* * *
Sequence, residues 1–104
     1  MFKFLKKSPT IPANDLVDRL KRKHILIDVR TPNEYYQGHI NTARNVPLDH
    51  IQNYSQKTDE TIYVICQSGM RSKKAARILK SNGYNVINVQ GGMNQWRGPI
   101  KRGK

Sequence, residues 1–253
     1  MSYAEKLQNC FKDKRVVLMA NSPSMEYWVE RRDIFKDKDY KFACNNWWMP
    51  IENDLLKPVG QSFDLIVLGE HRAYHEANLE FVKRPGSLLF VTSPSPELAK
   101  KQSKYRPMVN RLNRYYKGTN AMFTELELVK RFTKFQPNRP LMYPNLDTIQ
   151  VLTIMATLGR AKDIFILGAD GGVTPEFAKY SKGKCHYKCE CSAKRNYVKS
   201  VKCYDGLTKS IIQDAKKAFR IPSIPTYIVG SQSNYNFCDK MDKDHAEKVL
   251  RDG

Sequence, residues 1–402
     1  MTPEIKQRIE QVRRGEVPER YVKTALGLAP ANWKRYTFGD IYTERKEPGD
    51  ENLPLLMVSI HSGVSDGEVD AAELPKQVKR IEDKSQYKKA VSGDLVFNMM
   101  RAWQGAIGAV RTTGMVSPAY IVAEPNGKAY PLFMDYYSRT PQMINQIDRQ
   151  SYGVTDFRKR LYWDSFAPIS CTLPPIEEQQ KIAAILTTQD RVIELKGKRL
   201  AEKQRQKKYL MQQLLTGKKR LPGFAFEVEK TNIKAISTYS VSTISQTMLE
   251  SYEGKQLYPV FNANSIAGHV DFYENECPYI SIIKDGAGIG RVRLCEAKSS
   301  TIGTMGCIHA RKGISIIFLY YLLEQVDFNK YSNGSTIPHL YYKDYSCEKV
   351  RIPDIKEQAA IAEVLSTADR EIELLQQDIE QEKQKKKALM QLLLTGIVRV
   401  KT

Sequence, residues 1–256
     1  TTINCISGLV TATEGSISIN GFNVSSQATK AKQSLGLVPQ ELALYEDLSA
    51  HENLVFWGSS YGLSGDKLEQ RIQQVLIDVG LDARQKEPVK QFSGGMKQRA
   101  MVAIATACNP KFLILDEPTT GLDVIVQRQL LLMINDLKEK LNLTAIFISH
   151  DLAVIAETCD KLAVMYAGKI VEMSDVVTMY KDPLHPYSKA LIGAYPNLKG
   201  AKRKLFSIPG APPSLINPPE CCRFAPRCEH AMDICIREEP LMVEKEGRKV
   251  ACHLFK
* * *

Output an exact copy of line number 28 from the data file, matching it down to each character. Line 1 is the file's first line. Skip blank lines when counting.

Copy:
   251  ACHLFK